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working class voters, maybe some suburbs in arizona and georgia. i think that's where the trump campaign folks should be focusing on. these long-term plans are fantastic. we would love to win inner city voters. reagan and bush did it in the late '80s and early 1990s. right now we've got to focus on 2020. >> jeremy, i want to play something that national action network founder and msnbc host reverend al sharpton had to say, by the way obviously the target of presidential tweets. he just said this last hour in baltimore. >> i know donald trump. he's not mature enough to take criticism. he can't help it. he's like a child. somebody say something, he reacts. he's thin skinned, and not really matured that well. but he has a particular venom for blacks and people of color. >> you spoke to reverend al
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yesterday, jeremy, pretty extensively about this big picture topic. what else did he tell you? >> it shows you, i think my conversation with al sharpton really kind of drove home how politically opportunistic this is for donald trump. al sharpton fielded a call from president trump shortly after his election, of president elect trump saying thank you to sharpton for something that sharpton had said about trump's political astuteness and the way that he was able to figure out how to appeal to certain voters to get elected. and sure enough his phone rings and it's trump saying thank you so much reverend al. so this idea that now all the sudden trump thinks that he hates whites, i think what's really going on there is that al sharpton, of course, has been the right's boogie man for two, three decades now. as far in the past as some of his episodes are, they still get attention in right wing media like they happened yesterday. it's pretty amazing.
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and one other thing i think is worth noting out, worth pointing out with regard to representative cummings is that there is a really interesting piece in the atlantic by peter nicholas who talks about the relationship that cummings and trump formed early on in trump's presidency. that, to me, doesn't sound like a man, a president who thinks that i lee elijah cummings is at or is this terrible public servant, i think it's really political opportunistic. >> opportunistic and maybe we have seen in the past how the president turns on people who he once liked. so jeremy peters, kimberly atkins, matt gorman, steve kornacki, much appreciated. police are still trying to figure out if a second suspect was involved in last night's mass shooting at a california food festival, four people are dead, including a gunman. we'll go live to the scene where
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investigators are trying to piece together what happened there. a national security shakeup, national intelligence director dan coats out as president trump prepares to nominate one of his most ardent defenders in congress to replace him. how the stage is set for a nasty confirmation battle. and you should be mad at simple things that are unnecessarily complicated. but you're not mad, because you're trading with e*trade, which isn't complicated. their app makes trading quick and simple so you can strike when the time is right. don't get mad, get e*trade and start trading today. liberty mutual customizes your car insurance, hmm. exactly. so you only pay for what you need. nice. but, uh... what's up with your... partner? not again. limu that's your reflection. only pay for what you need. ♪ liberty, liberty, liberty, liberty ♪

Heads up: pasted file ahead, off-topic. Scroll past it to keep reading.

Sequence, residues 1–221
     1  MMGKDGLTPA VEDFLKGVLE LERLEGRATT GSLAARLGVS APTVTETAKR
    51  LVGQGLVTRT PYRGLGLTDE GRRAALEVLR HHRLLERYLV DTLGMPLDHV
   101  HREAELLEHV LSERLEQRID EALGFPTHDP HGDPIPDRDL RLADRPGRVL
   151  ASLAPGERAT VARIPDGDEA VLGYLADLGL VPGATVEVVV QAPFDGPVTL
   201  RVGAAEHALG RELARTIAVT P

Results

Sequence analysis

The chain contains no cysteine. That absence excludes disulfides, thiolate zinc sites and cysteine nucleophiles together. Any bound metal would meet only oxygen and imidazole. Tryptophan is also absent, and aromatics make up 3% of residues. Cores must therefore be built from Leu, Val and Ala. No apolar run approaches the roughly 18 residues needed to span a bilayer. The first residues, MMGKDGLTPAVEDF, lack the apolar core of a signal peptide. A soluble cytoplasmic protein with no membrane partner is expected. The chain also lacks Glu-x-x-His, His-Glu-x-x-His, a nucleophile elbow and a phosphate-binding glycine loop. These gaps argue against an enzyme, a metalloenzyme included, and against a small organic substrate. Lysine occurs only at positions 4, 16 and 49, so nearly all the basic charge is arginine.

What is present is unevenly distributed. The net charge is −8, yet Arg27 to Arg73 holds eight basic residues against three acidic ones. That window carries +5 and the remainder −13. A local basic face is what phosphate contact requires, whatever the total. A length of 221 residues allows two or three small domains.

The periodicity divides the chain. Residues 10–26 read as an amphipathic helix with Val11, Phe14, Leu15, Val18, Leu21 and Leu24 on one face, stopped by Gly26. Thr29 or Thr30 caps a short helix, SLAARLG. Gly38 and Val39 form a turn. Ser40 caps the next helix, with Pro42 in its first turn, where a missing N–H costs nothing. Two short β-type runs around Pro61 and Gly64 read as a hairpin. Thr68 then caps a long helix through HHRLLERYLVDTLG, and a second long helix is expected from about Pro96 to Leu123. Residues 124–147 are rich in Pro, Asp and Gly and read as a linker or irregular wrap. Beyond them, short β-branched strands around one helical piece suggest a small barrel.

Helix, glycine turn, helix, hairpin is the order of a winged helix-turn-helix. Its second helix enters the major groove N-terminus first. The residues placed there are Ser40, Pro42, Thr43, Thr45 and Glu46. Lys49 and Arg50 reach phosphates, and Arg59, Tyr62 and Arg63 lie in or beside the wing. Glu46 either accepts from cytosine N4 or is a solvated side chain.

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no, no, no that's my guy. that's my guy. look at you the fate of the world is in your hands and you can't even get along. your momma. [ screaming ] confirmation process for president trump's pick to replace national intelligence director dan coats.
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his departure tweeted by the president yesterday. a career politician with no intelligence experience, staunch conservative, a trump loyalist, whose fierce protection of the president was on full display at the mueller hearing on wednesday. >> i agree with the chairman this morning when he said donald trump is not above the law. he's not. but he damn sure shouldn't be below the law which is where volume two of this report puts him. >> senate minority leader chuck schumer slammed the president's pick in a statement. "it's clear that representative ratcliffe was selected because he exhibited blind loyalty to president trump with his questioning of robert mueller. if senate republicans elevate such a player to a position that requires intelligence, expertise and nonpartisanship it would be a big mistake." joining me is ken dilanian.
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juan, ratcliffe has a 96% lifetime rating from the american conservative union. what do you make of a staunch conservative being nominated to a position that's traditionally been nonpartisan and given to people with significant intel backgrounds? >> you're right, the tradition of the director of national intelligence has been one where the professional assuming that role has either been a former ambassador or had a long standing role in the intelligence community and has had a gravitas in independence unto themselves that allows them to be an adviser to the president, to speak truth to power, to present intelligent assessments, not just to the president but to the american people in a credible way. it's important for that person not to see the role as a political role and that role be seen as an objective role, not just to the president but to the american people. there's a lot of questions obviously here. i would give a little bit of benefit of the doubt though